After months of ongoing flooding in the Mississippi Delta, many residents are still displaced from their homes and farmers are unsure about this summer's planting season. MPB’s Alexandra Watts reports.
As you drive through parts of the Mississippi Delta, roads are still covered with rising floodwaters. And acres of fields and farmland look like rivers and lakes.
Clay Adcock is a farmer in Holly Bluff, and 4,000 out of his 6,000 acres of farmland have flooded. He has not been able to plant a single seed this season.
“I know financially, it’s going to be really hard,” he said. “I don’t know whether I’ll survive this, or what. I’m kind of looking at some of my options on what may be some of my options. I can't really answer that. I’ve never been in this situation, unfortunately. I know it’s going to be bad.”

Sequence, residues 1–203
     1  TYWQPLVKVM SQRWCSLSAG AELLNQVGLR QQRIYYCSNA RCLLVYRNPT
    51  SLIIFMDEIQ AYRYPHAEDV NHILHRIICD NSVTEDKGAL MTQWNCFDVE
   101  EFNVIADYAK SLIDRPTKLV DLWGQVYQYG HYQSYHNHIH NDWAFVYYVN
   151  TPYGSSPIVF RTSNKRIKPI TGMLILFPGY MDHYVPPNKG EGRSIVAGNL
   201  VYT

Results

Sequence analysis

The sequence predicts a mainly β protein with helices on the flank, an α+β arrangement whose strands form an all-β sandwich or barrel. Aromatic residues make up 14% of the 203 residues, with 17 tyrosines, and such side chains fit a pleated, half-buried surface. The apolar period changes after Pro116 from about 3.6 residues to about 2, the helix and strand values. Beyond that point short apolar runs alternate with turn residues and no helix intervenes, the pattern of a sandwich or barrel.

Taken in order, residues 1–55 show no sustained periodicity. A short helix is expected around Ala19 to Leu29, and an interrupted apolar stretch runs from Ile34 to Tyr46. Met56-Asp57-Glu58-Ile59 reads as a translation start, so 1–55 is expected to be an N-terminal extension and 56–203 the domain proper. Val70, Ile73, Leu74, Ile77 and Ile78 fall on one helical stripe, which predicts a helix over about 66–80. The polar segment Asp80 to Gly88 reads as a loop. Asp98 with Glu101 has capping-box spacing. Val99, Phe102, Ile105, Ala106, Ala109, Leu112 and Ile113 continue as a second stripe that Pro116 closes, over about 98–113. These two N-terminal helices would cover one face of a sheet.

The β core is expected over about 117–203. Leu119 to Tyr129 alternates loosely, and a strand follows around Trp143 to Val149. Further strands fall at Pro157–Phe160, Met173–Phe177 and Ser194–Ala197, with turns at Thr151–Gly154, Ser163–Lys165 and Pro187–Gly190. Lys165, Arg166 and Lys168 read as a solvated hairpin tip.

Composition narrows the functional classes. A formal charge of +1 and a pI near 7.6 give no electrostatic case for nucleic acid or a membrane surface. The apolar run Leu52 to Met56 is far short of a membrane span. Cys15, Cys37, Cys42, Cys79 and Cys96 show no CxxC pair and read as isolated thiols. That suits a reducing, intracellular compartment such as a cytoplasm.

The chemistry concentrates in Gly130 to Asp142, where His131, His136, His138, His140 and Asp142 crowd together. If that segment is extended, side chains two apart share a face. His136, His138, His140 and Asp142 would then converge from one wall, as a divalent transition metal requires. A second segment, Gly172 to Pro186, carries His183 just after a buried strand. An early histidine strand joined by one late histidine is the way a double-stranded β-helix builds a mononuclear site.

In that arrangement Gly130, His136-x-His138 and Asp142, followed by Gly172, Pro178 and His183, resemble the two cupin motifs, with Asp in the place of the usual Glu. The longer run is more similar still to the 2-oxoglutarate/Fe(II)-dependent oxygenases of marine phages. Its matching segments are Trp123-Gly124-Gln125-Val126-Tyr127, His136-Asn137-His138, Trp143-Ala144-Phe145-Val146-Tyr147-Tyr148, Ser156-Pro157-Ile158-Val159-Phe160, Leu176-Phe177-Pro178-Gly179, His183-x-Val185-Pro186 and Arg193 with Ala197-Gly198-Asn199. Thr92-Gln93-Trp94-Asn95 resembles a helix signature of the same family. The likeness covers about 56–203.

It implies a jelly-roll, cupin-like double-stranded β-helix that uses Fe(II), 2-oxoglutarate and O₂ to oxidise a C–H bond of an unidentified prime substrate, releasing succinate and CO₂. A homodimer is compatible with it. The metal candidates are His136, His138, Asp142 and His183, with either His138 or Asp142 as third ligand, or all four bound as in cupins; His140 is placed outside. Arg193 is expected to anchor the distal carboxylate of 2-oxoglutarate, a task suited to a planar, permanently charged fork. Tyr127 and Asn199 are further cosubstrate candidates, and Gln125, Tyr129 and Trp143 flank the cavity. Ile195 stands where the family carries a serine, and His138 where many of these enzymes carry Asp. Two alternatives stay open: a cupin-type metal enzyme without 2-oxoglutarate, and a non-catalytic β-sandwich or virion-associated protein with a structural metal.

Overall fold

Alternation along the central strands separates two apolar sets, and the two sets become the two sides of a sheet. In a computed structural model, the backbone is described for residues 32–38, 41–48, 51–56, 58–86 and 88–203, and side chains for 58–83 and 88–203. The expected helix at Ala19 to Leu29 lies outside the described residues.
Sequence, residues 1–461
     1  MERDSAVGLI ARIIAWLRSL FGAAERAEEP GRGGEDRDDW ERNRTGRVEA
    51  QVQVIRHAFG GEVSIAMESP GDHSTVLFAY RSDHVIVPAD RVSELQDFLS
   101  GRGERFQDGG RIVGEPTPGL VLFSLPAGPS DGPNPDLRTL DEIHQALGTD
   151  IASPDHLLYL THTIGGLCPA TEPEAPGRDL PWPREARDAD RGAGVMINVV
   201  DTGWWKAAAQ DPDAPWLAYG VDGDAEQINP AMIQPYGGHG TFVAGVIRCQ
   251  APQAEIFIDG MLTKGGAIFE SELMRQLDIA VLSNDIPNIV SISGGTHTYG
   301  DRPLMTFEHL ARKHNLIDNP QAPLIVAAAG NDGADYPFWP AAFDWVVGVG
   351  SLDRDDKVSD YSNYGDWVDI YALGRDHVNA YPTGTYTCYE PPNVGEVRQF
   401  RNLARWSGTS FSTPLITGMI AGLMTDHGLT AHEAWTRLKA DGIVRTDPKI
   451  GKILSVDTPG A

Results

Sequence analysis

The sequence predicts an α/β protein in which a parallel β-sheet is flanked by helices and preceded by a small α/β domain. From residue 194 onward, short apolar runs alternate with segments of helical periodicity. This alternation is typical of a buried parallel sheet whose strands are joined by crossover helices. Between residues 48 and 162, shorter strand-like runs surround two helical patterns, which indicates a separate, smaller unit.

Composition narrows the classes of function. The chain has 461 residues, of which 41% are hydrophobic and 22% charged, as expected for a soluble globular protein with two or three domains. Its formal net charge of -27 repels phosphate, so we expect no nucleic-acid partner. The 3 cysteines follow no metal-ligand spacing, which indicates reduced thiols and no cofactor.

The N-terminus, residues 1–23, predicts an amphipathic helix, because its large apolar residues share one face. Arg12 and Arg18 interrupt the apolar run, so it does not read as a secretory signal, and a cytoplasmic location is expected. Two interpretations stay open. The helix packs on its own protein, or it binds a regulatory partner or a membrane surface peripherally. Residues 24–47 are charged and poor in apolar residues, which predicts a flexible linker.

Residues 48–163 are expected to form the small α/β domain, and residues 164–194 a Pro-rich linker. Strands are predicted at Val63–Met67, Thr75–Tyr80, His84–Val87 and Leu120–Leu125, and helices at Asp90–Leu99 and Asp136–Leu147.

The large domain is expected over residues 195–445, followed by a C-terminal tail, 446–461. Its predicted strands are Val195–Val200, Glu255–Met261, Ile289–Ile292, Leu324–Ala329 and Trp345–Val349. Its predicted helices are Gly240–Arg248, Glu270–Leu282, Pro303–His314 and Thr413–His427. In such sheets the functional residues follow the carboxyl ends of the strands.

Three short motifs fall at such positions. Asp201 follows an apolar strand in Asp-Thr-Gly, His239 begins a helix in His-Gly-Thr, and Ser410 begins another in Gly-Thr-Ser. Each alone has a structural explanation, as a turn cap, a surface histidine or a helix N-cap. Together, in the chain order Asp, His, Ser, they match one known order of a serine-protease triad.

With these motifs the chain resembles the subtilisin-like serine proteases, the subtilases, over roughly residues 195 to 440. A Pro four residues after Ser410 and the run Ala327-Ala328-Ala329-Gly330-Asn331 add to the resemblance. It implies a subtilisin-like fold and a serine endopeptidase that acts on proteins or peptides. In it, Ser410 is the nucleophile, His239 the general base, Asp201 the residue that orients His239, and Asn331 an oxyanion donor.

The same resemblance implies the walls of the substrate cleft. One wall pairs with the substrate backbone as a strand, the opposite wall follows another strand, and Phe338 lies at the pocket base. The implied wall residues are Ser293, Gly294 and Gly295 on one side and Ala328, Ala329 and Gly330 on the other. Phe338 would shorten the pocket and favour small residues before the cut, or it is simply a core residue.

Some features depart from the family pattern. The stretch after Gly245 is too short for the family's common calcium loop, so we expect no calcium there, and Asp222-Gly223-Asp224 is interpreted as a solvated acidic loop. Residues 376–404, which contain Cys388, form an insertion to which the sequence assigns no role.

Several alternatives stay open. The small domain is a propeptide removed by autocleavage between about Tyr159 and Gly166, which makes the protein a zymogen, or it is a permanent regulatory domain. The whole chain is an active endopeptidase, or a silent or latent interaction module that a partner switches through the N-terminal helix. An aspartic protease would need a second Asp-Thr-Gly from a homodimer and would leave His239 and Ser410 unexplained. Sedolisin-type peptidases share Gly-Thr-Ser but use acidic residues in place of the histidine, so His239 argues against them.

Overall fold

Adcock says farmers aren’t the only ones affected by the flooding. He said communities throughout the Delta are feeling the effects.
“This year, with the flooding, half the hunting season was closed. So that hurt your grocery stores that are used to selling products to the hunters. Flooding is not good for any industry in this area at all.”
Many of the residents in the Eagle Lake community in Warren County have evacuated their homes because of the rising floodwaters.
There is only one way in and one way out of Eagle Lake. She said she has seen displaced wildlife around her home and the community.
"And right now, the boat landing is completely obscured and under water,” she said.
“Basically, the water is level with the parking lot for the boat landing. We’re looking at dead fish floating in the water. We’ve probably seen eight snakes since we’ve been standing here.”
As the flood waters continue to rise at Eagle Lake, Dahl expects more people in her community will be evacuated in the coming days.